Posted: May 3, 2013 11:57 AM by Tonya LaCoste
Updated: May 3, 2013 12:00 PM
A bill to protect parents from false abuse claims is pending Senate approval after a Senate committee gave its approval Wednesday. Senator Dan Morrish, R-Jennings, filed the bill on behalf of an Iota family whose children were taken away from them while the Department of Children & Family Services conducted an investigation.
The investigation began after Amanda and Jerry Spaetgens' infant died in 2011. After they found baby Calli unresponsive in her crib, medics arrived and gave her epinephrine then rushed her to a hospital. The doctor who initially examined Calli at the hospital reported suspected abuse to the state. A second doctor's opinion found no signs of abuse, but because of the first report, the state was required to step in and investigate. Callie died four days later of Sudden Infant Death Syndrome. One of the doctor's determined she died after reacting to medicine, which caused renal hemorrhaging - symptoms of abuse; hence, the first doctor suspicions of child abuse.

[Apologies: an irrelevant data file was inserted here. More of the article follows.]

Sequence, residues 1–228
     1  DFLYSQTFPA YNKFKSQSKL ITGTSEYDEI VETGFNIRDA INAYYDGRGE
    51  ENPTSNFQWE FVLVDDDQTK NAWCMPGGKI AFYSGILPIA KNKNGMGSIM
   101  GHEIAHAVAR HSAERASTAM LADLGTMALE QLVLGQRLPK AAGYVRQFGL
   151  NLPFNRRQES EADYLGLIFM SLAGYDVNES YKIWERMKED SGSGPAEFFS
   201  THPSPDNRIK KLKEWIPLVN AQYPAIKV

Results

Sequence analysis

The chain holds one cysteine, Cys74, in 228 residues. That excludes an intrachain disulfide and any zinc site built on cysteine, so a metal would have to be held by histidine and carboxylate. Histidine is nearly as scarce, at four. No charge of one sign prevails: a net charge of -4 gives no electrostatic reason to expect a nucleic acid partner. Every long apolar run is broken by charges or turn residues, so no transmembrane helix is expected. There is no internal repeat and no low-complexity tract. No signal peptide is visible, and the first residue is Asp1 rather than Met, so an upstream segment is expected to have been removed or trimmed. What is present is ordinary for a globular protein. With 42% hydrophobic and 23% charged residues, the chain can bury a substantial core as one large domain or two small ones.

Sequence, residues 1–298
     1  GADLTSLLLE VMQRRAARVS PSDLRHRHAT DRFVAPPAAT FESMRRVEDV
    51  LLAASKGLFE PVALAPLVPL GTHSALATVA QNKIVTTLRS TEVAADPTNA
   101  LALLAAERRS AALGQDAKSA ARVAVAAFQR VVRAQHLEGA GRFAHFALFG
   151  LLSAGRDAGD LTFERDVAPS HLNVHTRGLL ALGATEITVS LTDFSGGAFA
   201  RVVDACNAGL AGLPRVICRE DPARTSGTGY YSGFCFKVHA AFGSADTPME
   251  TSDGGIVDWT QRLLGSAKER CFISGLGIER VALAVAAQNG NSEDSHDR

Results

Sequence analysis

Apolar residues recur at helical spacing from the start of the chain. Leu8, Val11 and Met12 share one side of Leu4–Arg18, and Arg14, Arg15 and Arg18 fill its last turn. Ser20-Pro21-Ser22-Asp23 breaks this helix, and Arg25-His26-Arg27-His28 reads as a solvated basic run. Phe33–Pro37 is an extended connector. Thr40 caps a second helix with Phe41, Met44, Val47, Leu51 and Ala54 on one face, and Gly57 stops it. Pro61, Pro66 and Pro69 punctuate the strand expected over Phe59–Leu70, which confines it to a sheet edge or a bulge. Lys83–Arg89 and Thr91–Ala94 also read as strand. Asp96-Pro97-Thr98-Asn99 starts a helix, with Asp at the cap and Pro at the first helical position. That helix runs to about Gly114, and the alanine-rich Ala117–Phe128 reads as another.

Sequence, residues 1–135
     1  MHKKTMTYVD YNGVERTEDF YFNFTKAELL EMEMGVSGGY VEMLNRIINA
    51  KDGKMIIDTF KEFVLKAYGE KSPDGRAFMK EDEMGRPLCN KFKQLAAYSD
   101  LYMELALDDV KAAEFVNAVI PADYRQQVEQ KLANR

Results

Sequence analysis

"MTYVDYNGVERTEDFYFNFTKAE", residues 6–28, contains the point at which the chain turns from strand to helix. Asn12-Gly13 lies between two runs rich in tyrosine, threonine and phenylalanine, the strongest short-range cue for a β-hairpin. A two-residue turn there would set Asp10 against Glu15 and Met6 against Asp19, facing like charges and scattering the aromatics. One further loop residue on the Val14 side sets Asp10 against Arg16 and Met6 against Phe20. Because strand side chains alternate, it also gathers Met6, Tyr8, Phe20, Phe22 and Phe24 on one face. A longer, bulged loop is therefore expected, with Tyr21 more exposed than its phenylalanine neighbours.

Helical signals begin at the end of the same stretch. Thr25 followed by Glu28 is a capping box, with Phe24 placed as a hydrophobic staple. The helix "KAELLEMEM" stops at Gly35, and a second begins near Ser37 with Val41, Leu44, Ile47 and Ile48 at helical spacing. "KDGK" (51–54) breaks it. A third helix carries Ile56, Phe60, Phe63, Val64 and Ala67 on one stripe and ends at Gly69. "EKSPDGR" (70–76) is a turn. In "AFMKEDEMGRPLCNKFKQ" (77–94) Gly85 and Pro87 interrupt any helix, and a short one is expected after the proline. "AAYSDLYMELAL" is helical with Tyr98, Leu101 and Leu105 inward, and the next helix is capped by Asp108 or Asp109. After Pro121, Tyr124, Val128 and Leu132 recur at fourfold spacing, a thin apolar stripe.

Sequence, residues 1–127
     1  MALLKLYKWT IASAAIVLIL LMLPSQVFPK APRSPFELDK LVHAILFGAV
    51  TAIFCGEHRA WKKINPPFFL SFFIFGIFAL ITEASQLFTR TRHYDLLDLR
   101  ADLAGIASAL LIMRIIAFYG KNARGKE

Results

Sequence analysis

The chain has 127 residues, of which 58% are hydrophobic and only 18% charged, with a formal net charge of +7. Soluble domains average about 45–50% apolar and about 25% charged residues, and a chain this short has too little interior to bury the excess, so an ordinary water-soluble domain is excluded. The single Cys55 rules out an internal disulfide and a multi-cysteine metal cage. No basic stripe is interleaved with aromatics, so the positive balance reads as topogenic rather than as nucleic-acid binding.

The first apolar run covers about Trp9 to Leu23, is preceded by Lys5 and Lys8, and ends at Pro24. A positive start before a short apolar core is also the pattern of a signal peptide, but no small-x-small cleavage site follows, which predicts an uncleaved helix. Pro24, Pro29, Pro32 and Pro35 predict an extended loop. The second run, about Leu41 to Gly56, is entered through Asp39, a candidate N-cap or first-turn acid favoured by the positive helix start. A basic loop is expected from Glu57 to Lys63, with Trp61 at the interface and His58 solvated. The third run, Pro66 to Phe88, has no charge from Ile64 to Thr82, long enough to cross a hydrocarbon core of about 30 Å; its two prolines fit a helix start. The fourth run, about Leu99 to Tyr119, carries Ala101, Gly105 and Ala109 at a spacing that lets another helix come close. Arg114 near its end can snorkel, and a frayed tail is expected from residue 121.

As if trying to cope with the death of their baby wasn't taxing enough, the Spaetgens two other children were taken into state custody, and Amanda and Jerry were allowed no contact with them unless they were in the presence of other adults. To stay together as a family, they lived with family and friends for five-and-a-half months until the state finished its investigation, which determined the Spaetgens didn't abuse Calli, and they were not a danger to their other children.
Morrish's bill would require a third opinion if two initial examinations don't agree. The full Senate will consider the bill on May 6. If it passes the Senate, it'll move to the House for discussion.